Thousands of impacted landowners, Tribal Nations, individual counties, cities and other communities across the U.S. have voiced major concerns about the terrifyingly large gaps in regulations on pipelines carrying carbon dioxide (CO2).
Right now, developers are proposing a significant number of new interstate CO2 pipelines that would cross Midwest states including Nebraska, Iowa, South Dakota, North Dakota, Minnesota and Illinois. While none of these projects has yet obtained any necessary state agency permits, developers have already begun to use eminent domain to sue landowners who refuse to sell their land for these proposed pipelines. 
Tell Sec. Pete: PHMSA Must Take Action Now on CO2 Pipeline Safety. Add your name.
Concerns voiced by landowners and the Pipeline Safety Trust  on CO2 pipelines:
- CO2 is an asphyxiant that can be dangerous and even lethal in the event of a pipeline rupture.
- CO2 pipelines are susceptible to ductile fractures, which can, like a zipper, open up and run down a significant length of the pipe, they can release immense amounts of CO2, hurl large sections of pipe, expel pipe shrapnel, and generate enormous craters.
- Lower levels of CO2 leakage can contribute to dangerous climate change.
The U.S. Department of Transportation’s Pipeline and Hazardous Materials Safety Administration’s (PHMSA) existing regulations, however, do not address the above concerns, and apply only to pipelines carrying CO2 in a supercritical fluid phase. But these developers are also planning to move CO2 in other phases such as “subcritical liquid,” or gas. While PHMSA is developing new regulations for CO2 pipelines, they aren’t due until next year, meanwhile several carbon pipelines are projecting they will begin construction before the rules are even released.
Impacted communities need assurances now that safety regulations apply to all CO2 pipelines.
We call on U.S. Secretary of Transportation Pete Buttigieg and PHMSA to:
- Issue an interim ruling that assures current regulations apply to pipelines carrying CO2 in all phases.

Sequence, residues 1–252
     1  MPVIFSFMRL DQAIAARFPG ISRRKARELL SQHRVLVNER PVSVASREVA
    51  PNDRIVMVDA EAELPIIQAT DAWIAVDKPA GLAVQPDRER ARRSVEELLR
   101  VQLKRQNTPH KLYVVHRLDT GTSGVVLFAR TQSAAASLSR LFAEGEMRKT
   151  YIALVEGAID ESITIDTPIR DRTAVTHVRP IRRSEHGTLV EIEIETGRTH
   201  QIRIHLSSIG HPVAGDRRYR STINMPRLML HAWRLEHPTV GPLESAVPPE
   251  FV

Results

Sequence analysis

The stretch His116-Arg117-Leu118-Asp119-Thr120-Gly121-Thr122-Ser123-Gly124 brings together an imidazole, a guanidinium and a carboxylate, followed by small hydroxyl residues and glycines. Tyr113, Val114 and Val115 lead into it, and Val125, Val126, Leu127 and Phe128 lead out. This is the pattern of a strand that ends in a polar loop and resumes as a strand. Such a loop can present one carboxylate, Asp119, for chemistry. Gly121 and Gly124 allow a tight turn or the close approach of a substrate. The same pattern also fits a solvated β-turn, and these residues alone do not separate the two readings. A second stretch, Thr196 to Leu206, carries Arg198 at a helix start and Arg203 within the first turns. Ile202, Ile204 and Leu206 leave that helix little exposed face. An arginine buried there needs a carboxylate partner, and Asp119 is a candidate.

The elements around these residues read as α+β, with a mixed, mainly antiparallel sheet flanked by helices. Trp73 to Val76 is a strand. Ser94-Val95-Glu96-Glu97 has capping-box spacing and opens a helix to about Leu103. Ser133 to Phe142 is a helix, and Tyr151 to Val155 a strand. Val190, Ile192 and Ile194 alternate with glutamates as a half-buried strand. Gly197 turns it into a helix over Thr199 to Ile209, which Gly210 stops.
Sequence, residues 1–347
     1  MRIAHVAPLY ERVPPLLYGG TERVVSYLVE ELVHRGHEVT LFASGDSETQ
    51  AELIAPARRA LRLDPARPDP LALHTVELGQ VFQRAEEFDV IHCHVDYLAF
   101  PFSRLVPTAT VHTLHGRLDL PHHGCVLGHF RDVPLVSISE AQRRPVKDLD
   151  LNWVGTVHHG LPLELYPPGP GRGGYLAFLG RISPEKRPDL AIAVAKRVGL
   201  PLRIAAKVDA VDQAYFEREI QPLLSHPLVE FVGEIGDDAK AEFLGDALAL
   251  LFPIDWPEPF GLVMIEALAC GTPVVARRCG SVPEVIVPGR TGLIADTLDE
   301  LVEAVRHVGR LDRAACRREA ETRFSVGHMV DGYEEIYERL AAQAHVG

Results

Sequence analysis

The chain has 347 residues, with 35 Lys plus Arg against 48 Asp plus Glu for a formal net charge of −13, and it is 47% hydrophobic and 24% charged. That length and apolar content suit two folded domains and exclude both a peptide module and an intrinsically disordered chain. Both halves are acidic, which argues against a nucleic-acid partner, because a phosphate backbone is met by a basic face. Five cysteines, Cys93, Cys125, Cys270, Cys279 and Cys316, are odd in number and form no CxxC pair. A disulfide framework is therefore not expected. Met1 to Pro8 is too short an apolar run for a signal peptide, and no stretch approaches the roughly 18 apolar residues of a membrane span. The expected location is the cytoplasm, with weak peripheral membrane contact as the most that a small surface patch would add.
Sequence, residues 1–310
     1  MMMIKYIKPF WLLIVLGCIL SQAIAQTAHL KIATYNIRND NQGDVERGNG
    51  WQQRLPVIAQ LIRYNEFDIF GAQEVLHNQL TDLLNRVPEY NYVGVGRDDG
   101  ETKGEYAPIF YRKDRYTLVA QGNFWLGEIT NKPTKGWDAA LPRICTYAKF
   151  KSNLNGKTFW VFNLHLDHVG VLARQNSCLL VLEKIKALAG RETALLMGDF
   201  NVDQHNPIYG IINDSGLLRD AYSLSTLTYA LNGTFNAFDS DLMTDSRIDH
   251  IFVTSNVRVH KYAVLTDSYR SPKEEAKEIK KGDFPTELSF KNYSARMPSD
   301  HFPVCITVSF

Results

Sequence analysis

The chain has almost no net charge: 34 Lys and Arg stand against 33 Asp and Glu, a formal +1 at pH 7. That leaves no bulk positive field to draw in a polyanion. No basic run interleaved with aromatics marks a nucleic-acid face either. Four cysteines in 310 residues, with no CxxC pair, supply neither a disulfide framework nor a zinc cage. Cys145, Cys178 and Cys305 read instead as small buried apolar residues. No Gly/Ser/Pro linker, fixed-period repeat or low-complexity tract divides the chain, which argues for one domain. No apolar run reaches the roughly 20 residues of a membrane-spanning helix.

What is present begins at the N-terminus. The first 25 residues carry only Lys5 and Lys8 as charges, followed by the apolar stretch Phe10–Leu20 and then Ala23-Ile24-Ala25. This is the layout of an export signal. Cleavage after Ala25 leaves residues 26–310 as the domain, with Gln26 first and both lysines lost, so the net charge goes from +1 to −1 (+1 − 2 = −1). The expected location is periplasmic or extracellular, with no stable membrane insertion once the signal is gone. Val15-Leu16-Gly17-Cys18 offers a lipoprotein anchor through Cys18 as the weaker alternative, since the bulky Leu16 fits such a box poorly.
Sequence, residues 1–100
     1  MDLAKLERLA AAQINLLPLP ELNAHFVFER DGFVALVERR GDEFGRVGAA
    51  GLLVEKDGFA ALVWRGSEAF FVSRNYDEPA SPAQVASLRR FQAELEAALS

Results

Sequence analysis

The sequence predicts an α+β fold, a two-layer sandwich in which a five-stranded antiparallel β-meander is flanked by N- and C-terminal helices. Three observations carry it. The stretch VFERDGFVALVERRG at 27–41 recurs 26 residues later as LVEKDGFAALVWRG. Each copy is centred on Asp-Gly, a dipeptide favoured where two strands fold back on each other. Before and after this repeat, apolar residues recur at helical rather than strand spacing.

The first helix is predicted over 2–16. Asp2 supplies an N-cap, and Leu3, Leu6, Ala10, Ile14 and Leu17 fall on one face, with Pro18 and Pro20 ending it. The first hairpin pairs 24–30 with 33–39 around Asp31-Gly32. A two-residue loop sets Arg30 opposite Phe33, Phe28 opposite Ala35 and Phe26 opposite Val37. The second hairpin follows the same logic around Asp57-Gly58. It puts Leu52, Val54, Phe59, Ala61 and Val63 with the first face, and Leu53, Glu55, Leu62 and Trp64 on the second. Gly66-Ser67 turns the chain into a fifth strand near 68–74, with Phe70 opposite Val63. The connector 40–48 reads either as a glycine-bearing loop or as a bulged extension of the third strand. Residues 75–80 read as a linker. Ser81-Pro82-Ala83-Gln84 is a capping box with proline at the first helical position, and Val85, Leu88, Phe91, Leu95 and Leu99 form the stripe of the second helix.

- Issue a new letter like PHMSA’s 2014 letter to TransCanada “Re: Role of U.S. Local Governments in Pipeline Safety,” to clear up the confusion and misinformation being spread by CO2 pipeline developers on what actions states, counties, and municipalities may undertake to protect their communities against the dangers of a CO2 pipeline rupture and other concerns. 
Add your name ==> Tell Sec. Pete: PHMSA Must Take Action NOW on CO2 Pipeline Safety.
We will be hand-delivering the petition along with any comments you include with your signature to PHMSA at the upcoming public meetings on CO2 pipelines May 31-June 1 in Des Moines, IA. (Register now)
Landowners impacted by proposed CO2 pipelines are *strongly* encouraged to attend these PHMSA public meetings if they are able, either in-person or virtually — as the discussions and input from participants will inform the agency’s new rulemaking for CO2 pipelines that were launched in the wake of the Denbury CO2 pipeline rupture in Satartia, MS in 2020.
At the public meeting in Des Moines, PMHSA will offer informational panels and discussions on safety issues with CO2 pipelines, with opportunities for both in-person and virtual attendees to voice their concerns (Note: PHMSA is not authorized to negotiate any siting or routing issues with landowners.) Bold staff and organizers with the Easement Action Teams in Iowa, South Dakota, North Dakota and Nebraska, along with landowners from many impacted states have already registered to attend.
Thanks for signing the petition to Sec. Pete. We hope to see you at the PHMSA Public Meeting on CO2 Pipelines in Des Moines May 31-June 1.
Jane Kleeb and the Bold Alliance team
 “Summit Carbon files more than 80 eminent domain lawsuits against South Dakota landowners,” Mitchell Republic, 5/3/23.
 “Report: Carbon Dioxide Pipelines: Dangerous and Under-Regulated,” Pipeline Safety Trust, 3/30/22.
 “Role of U.S. Local Governments in Pipeline Safety,” U.S. Pipeline and Hazardous Materials Safety Administration (PHMSA), 5/28/14.